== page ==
Percentages or absolute numbers for OKRs?

Posted on September 26, 2022.
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The critical difference that makes Objectives & Key Results different from current goal-setting frameworks is that the key results must be outcomes. Outcomes are measurable changes in human behavior. These quantifiable metrics might get messy from time to time but, without them, OKRs are effectively neutered and nothing more than a new name for old ways of working. In the past, I’ve written explicitly about the various levels at which you can and should write your OKRs. One thing I haven’t discussed in detail is what kind of number your key result should be. In essence we have two choices: absolute numbers or percentages. Let’s take a look at each one.

Percentages require a baseline

Percentages are ratios or rates. Their main benefit is they tell us how we are trending towards our key results. They make it easy for us to compare our progress against other, similar quantities of time in the past. Using percentages also gives us a sense of how much more we can likely expect to squeeze out of the current target. The main constraint of using percentages is that they require a baseline. We need something to compare them against.

If you’re going to use percentages as your key results it’s important to check that you have access to the current baseline metric for the behavior change you’re trying to influence. Once that’s established you can begin to set a desired increase or decrease from the baseline. Remember to choose a target that’s both meaningful to the business and aggressive. If you choose a key result percentage that isn’t a meaningful leading indicator for the business your work may not get funded or it may simply get ignored.

Examples of a key results using percentages: 

  • 35% increase in successful logins
  • 90% reduction in calls to the customer service about lost passwords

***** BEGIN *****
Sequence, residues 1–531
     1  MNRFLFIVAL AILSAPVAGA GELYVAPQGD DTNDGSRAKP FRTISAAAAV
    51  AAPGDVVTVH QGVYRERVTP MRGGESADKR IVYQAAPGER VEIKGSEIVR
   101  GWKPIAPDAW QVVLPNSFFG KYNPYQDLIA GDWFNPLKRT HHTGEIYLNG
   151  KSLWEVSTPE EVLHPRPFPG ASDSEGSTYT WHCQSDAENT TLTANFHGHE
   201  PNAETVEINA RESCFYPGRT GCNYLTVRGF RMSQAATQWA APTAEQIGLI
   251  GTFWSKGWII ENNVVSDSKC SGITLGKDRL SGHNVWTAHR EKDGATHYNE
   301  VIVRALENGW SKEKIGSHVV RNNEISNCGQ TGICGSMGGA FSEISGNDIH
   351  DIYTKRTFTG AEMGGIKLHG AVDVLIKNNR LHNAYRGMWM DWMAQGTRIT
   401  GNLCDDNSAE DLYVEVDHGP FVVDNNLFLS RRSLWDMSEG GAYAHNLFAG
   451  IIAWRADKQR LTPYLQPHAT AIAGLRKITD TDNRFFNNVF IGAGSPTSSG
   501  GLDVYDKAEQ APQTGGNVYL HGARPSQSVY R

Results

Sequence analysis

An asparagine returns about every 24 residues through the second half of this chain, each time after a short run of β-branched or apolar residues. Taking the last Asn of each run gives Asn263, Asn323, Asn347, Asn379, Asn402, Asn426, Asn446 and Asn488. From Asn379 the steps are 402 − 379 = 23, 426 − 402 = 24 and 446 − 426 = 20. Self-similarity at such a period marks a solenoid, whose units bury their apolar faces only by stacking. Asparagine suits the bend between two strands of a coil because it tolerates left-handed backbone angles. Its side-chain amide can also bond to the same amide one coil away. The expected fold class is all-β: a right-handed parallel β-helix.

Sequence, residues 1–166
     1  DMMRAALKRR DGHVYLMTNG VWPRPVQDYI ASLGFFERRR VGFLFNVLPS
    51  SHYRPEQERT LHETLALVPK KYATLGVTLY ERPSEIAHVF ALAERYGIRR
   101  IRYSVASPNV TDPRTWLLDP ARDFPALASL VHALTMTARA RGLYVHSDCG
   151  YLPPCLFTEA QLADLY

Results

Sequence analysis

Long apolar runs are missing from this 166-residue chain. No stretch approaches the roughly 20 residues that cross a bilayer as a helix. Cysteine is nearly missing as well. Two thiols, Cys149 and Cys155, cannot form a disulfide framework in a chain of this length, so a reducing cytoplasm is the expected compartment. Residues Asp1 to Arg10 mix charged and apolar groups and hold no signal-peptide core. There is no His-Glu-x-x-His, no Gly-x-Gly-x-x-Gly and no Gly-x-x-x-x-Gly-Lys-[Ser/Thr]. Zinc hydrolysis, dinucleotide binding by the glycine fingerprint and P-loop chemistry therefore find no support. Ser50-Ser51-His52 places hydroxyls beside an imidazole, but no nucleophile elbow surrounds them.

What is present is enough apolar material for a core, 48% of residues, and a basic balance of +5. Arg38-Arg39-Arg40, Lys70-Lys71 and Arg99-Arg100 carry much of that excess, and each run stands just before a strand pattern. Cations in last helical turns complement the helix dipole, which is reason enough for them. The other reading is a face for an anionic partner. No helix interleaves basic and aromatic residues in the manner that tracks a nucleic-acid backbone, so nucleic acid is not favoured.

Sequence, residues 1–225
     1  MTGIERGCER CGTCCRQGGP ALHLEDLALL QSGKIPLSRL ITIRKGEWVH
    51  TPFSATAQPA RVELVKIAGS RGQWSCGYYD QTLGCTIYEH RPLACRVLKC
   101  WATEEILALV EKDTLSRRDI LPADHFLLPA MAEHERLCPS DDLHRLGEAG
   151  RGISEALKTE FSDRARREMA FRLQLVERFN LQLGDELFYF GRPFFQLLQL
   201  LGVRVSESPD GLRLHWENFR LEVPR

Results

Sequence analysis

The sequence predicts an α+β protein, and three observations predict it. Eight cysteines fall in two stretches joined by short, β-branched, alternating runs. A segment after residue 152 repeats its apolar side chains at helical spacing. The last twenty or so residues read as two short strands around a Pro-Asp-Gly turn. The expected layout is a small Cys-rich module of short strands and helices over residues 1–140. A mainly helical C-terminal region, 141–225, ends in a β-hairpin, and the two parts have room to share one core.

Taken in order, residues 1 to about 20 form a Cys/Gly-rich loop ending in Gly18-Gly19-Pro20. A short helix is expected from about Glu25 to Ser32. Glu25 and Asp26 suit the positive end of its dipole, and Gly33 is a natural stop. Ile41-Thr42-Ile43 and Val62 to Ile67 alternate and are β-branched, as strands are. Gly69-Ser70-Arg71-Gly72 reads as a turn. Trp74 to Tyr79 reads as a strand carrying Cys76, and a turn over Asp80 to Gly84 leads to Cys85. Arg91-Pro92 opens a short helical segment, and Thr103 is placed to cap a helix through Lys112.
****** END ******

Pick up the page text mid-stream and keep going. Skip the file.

• 300% increase in in-system communications between users

Absolute numbers provide a baseline, and not much more

In contrast, absolute numbers provide a seemingly concrete destination for our team goals. For example, we may set a goal to onboard 5 new customers this quarter. This is a specific, clear goal that teams can aspire to and very clearly say whether or not they’ve achieved it. The problem with absolute numbers is they don’t give you a sense of direction. Are 5 new customers good? Is it more than last quarter? How does it compare to the number of customers we onboarded last year at this time? 

Now, for a B2B company, onboarding 5 new customers might be a huge win in one quarter. If you’re a B2C retail company, however, 5 new customers means you’ll be out of business very soon. Absolute numbers as key results require the context of your industry to make sense. In general though they should be used as an initial target for your team – especially in  the absence of a baseline. For example if you’re launching into a new market or deploying a brand new product you may set an absolute number as a goal. For example, we may want to  get at least 1000 new user accounts on the new platform within the first quarter. After that though, any growth we target should be relative to that initial baseline. 

Default to percentages

Based on these differences the default position for most teams should be percentages. The value in understanding behavior trends, not just the absolute number of times it’s happened is more valuable to making product prioritization decisions. Even if you do start off with absolute numbers, consider moving off of them as soon as you’ve established that initial baseline metric.